Zahra Gordon is a Caribbean-American poet and writer with more than 10 years of experience. Her love for literature inspired her to found Speakeasy Solutions, a social enterprise providing culturally sensitive private tuition and writing workshops. Gordon is an alumna of Howard University where she majored in English with a minor in Caribbean Studies. She also holds a Certificate in the Teaching of Reading from the University of the West Indies and has studied teaching at ROYTEC. Gordon tied for first place in the 2010 Furious Flower Poetry Competition and in 2015, her work was longlisted for the Hollick Arvon Prize for Caribbean Writers.
ZG: I moved back to Trinidad after college and started off helping my neighbours’ children with homework. In college a lot of people asked me if I was interested in teaching and I always maintained that I was a writer first and foremost. However, I always felt that teaching was inevitable because knowledge sharing doesn’t have to occur in the traditional classroom setting. Simultaneously, I was learning and observing a lot about Trinidadian society and noticed that Caribbean literature was surprisingly not mainstream, particularly for children. The business found shape between my helping neighbours and observations of culture and the education system.
ZG: There’s something I call “Lessons Culture” in T&T. A lot of emphasis is placed on standardized testing such as the Secondary Entrance Assessment and the Caribbean Secondary Education Certificate. As such, many parents send children to get extra lessons to ensure they pass the tests, but not much focus is put on developing critical thinking or creative skills. My aim has been to capitalize on that Lessons Culture by offering a service that would help parents get the test results they want, but also develop the student holistically. Some parents were a bit apprehensive at first to teaching methods they found unconventional, but they’ve definitely been satisfied with student academic improvement.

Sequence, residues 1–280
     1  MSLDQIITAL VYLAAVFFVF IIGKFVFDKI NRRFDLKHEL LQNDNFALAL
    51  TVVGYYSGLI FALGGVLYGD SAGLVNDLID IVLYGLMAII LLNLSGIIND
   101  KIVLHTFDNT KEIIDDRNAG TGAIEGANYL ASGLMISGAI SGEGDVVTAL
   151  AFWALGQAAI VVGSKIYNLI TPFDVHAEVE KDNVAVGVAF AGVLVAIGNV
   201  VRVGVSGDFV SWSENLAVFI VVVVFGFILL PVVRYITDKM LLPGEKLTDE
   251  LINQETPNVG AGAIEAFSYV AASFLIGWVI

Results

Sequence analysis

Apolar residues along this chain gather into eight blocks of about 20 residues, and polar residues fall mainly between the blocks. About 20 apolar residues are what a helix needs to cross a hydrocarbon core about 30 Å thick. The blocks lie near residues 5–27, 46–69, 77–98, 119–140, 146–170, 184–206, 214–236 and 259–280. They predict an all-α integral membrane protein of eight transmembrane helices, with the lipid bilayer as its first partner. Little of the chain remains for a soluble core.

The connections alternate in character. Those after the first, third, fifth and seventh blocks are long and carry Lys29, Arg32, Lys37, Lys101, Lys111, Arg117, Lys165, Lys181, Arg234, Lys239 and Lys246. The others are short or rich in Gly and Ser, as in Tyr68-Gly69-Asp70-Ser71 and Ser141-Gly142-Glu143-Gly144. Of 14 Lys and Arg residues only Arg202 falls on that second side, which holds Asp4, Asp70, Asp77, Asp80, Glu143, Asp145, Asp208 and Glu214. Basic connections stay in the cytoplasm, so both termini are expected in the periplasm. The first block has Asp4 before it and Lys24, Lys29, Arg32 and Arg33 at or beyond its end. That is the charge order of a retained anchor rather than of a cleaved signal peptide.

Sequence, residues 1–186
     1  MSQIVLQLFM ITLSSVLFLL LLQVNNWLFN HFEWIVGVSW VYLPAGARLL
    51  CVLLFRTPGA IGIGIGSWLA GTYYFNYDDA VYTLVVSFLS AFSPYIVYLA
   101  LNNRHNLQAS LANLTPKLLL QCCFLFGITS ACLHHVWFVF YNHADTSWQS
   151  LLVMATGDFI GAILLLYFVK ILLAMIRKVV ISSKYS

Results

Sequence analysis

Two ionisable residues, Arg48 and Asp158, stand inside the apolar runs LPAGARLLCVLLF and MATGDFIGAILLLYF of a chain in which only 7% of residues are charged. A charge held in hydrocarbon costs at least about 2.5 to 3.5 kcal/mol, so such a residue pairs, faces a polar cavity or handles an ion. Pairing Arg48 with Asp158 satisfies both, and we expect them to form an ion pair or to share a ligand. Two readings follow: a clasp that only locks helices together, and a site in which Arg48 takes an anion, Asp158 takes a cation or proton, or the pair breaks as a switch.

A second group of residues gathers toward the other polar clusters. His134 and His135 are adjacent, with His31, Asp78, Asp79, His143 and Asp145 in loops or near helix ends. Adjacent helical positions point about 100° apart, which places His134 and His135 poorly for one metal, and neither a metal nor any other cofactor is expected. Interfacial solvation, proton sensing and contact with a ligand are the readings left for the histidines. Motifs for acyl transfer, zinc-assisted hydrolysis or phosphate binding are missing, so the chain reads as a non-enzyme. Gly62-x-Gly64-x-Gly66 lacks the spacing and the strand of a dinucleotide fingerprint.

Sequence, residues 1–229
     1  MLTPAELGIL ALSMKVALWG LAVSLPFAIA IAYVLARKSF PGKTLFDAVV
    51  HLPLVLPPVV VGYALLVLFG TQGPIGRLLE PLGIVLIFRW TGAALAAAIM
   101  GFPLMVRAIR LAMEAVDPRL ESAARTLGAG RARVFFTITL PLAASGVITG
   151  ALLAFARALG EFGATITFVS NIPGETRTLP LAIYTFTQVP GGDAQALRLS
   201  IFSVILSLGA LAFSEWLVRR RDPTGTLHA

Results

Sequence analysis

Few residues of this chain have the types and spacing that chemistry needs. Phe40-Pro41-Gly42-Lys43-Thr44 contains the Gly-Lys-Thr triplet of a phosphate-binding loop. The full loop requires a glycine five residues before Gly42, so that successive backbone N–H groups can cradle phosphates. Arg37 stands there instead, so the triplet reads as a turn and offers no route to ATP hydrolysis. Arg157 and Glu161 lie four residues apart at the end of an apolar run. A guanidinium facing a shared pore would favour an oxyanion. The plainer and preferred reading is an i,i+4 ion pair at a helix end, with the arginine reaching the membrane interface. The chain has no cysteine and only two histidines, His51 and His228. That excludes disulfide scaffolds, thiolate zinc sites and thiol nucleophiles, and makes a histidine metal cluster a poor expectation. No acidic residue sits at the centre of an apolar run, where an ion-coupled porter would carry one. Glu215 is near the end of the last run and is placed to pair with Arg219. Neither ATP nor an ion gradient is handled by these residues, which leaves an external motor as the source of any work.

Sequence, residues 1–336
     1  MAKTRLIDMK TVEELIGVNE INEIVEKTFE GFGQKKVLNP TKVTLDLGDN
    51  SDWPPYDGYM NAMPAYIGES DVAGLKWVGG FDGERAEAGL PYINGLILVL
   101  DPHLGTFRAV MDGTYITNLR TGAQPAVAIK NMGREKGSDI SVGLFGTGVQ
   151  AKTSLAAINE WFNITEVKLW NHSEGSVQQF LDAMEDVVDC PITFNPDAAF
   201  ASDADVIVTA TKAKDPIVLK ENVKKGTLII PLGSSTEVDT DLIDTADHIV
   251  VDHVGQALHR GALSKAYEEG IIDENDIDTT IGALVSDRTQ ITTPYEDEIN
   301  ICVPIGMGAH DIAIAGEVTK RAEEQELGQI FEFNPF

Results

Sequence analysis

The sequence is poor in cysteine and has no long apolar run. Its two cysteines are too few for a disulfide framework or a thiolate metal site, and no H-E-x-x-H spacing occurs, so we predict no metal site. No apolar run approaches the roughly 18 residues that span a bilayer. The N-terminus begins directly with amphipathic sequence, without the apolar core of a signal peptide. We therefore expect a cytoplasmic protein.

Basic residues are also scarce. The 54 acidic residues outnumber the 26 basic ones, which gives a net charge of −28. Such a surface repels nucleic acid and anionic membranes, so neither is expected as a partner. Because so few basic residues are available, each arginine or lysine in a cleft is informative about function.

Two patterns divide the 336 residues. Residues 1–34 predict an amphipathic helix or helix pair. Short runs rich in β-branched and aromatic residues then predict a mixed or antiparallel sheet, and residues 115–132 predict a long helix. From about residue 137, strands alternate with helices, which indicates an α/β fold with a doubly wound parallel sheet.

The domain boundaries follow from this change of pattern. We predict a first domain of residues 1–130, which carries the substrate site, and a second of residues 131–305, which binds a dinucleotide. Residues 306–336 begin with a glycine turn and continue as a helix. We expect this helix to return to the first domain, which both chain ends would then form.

ZG: I work with students from six to sixteen (or upper level secondary school age). Most of my younger students require assistance with reading and I tailor sessions to each student’s learning style.
RB: Why is it important that students learn creative writing?
ZG: A lot of times, parents ask if I tutor math or other subjects as well and I usually explain that I focus on my area of study/qualifications and also that a firm understanding of language/writing helps you excel in all subject areas. Creative Writing, like reading, puts the world in a child’s hands. Telling your own stories or creating an entire new world is empowering. It also activates so many skills – organizational, critical thinking, allows them to use their imagination.
RB: You offer reading services. Tell us about the reading culture and literacy rates in Trinidad.
ZG: Although government statistics state that the literacy rate is as high as 99%, the NGO Adult Literacy Tutors Association has conducted independent surveys which would put the rate closer to 77%. More than once, I’ve been in public spaces and had someone ask me for assistance with filling out a form. Reading is mostly associated with academics and newspapers. There’s a very practical attitude towards reading in that sense.
RB: How have teachers responded to your business?
ZG: Teachers are actually some of my main competitors as a lot of lessons providers are teachers. There’s a new crop of teachers going through programs such as those at the University of Trinidad & Tobago who have been trained in such areas as differentiated instruction, but change within the education system is slow and bureaucratic.
RB: What advice do you have for parents who cannot afford private tuition for their children?
ZG: For parents who can’t afford private tuition, I’d say everything can be a learning experience from a trip to the beach to baking bread. The key is to expose and involve your children in as much as possible so keep an eye out for free events and programmes. Don’t force your child to read, but try create an environment where reading is fun. Finally, be sure to join the library!
RB: Where would you like your business to be say 5, 10 years from now?
ZG: Soon, I’ll be launching a language enrichment program that I hope will eventually be available nationwide called the Caribbean Reading Circle. In 5-10 years, I’d like to see Speakeasy Solutions having a learning centre, offering writing retreats and working in partnership with similarly-minded local and international organizations that are Caribbean/African diaspora focused.